Pope Francis was officially inaugurated earlier this morning, concluding much of the ceremonial introductions and beginning his papacy in full. A week of speculation and observation leaves Catholics and the world-at-large with a growing understanding of who this pope is, from where he emerges as former head of the Argentine church, and where the Church might be heading. Sister Joan Chittister, a Benedictine nun writing in National Catholic Reporter, discusses weariness on the part of many Catholics and her desire for Pope Francis to sincerely listen.
Referencing a column by Pat Howard, a local journalist near her Erie, Pennsylvania, monastery, Sr. Joan identifies the problem afflicting Catholics:
“It is weariness that is palpable in so many groups now…
“Weariness comes from a soul whose hope has been disappointed one time too many. To be weary is not a condition of the body — that’s tiredness. No, weariness is a condition of the heart that has lost the energy to care anymore.”
After a papacy under Benedict XVI that denied modern developments in the hierarchy’s understandings and suppressed even posing questions, many are left weary, which in Sr. Joan’s eyes is worse than anger or indifference:
“People are weary of hearing more about the laws of the church than the love of the Jesus who says whatever a person’s struggles, ‘Remember, I am with you always’ (Matthew 28:20).
“People are weary of seeing whole classes of people — women, gays and even other faith communities again — rejected, labeled, seen as ‘deficient,’ crossed off the list of the acceptable…
“It gets spiritually exhausting to go on waiting for a pastor again and instead getting a scolding, reactionary church whose idea of perfection is the century before the last one rather than the century after this one…
“All in all, they’re weary of being told, ‘Don’t even think about it.’ They’re weary of being treated as if they are bodies and souls without a brain.”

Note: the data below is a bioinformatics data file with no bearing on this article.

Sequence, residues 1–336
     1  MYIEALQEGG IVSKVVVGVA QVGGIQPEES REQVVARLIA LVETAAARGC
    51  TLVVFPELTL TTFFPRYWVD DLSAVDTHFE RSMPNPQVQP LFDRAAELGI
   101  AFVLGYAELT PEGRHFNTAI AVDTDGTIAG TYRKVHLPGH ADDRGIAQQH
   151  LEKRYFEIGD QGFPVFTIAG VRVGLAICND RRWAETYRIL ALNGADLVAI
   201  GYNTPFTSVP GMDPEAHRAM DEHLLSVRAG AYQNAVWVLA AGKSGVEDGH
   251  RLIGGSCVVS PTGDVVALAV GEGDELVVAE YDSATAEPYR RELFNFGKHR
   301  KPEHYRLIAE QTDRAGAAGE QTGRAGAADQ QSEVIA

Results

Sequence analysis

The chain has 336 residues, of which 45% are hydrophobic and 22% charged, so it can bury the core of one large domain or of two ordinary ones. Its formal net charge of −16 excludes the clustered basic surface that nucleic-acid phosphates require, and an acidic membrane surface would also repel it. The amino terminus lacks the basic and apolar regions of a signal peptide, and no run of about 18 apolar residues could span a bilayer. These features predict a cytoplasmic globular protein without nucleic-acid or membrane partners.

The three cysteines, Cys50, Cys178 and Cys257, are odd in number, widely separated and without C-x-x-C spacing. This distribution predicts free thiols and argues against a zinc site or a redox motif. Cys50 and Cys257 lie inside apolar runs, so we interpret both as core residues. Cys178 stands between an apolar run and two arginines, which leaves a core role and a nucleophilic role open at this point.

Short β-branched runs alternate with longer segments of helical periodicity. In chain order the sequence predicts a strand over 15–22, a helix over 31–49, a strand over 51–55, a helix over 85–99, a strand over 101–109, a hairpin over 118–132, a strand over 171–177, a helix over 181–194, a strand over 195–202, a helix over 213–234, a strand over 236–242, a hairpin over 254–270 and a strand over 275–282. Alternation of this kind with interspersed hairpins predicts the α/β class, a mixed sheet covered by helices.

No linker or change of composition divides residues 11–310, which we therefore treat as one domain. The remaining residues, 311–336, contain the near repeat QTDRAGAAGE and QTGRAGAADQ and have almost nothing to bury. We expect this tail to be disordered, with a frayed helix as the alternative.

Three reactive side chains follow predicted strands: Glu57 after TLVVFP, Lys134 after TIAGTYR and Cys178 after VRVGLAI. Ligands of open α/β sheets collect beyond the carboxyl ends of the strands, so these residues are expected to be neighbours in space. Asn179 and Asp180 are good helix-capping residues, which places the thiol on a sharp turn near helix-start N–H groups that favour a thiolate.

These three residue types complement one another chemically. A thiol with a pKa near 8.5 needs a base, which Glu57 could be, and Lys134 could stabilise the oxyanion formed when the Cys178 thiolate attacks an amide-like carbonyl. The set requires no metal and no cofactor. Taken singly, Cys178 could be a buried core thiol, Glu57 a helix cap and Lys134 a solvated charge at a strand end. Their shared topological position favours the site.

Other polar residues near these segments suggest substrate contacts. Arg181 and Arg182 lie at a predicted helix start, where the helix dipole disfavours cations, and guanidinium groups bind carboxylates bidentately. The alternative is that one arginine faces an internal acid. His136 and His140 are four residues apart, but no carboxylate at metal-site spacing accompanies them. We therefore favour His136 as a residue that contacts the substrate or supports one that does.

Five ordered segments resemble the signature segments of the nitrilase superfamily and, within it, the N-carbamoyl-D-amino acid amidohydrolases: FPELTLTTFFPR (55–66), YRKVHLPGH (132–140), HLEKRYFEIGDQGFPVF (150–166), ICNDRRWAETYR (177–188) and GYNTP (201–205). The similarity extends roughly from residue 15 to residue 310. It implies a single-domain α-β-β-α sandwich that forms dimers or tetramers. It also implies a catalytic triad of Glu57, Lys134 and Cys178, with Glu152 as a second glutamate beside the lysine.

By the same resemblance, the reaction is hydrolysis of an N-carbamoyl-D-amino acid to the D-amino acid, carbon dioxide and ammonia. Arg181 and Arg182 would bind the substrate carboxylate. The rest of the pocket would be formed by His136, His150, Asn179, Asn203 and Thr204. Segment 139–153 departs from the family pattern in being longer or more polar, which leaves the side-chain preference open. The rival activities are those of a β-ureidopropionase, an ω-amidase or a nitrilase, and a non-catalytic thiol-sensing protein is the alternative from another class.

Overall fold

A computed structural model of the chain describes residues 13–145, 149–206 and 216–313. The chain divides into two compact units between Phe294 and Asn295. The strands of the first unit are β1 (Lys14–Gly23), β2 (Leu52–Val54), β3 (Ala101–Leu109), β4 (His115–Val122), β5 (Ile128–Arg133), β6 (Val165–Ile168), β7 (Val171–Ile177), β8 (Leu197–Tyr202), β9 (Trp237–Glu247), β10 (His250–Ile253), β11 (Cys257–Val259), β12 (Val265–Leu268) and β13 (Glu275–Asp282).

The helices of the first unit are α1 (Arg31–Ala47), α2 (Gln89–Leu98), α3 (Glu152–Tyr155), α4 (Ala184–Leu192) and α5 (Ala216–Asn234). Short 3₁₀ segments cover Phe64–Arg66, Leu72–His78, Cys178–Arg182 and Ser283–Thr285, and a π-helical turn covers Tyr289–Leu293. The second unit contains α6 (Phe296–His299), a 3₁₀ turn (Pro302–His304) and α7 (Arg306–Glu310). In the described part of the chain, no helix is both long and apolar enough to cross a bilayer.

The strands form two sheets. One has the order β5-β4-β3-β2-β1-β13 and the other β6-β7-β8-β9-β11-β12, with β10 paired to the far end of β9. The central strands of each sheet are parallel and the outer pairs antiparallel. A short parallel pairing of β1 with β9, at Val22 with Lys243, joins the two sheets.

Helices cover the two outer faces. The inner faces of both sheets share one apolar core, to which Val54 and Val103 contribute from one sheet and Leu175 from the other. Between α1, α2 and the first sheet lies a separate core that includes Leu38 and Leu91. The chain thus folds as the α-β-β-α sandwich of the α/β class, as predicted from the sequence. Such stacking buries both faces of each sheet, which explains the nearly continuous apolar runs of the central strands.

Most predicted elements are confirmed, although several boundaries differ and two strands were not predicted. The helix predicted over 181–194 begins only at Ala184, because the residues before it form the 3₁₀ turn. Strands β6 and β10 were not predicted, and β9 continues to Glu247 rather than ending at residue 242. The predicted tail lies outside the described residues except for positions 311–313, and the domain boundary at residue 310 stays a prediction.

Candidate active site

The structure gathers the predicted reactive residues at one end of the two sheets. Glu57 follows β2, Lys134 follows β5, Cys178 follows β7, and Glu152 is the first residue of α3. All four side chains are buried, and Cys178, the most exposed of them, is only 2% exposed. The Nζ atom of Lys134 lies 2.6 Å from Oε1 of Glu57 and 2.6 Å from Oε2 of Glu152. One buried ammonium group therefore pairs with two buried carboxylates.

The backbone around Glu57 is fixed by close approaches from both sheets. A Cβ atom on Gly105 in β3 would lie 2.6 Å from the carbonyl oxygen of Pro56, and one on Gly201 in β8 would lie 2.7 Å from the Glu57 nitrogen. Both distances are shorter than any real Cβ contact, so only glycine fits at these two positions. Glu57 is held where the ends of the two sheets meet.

Weariness is so subversive, and thus worrisome for Sr. Joan, because it undercuts caring, and people will not react with anger for change or endure hardship in hope that the situation will improve. Weariness just kills the weary one’s interest. However, in Sr. Joan’s eyes, Pope Francis provides an opportunity to give rest to the weary if he acts pastorally. Of his first appearance as pope,, she writes:
“And then came the real shock: He bowed to the people. Bowed. And asked them to pray a blessing down on him before he blessed them. Francis, I remembered, was the Christian who reached out to Muslims. Francis, the one who listened to every creature in the universe and dialogued with it.
“Indeed, if this Francis, too, is a listener, there is hope for reconciliation, hope for healing, hope for the development of the church.
“No doubt about it: We know who the people are who have been waiting for a pope and why they are weary. The question now is, Does he know how weary they are? And does he care? Really?”
The LGBT community, families, and advocates are certainly counted among Sr. Joan’s weary Catholics who suffer from a hierarchy intent on legalism and rejection. Many of us continue to practice the faith for reasons unique to each person, fluctuating perhaps between bouts of weariness and bursts of energy.
Pope Francis’ previous statements on LGBT rights are clear, his record on marriage equality less so–and neither are good. With the inaugural Mass concluded, and many ‘firsts’ completed, now Pope Francis must begin governing with, not over, the People of God. We can echo Sr. Joan’s words that “Maybe, just maybe, this time…” there will be change enough to dispel some weariness if this new papacy commences in a listening posture.
–Bob Shine, New Ways Ministry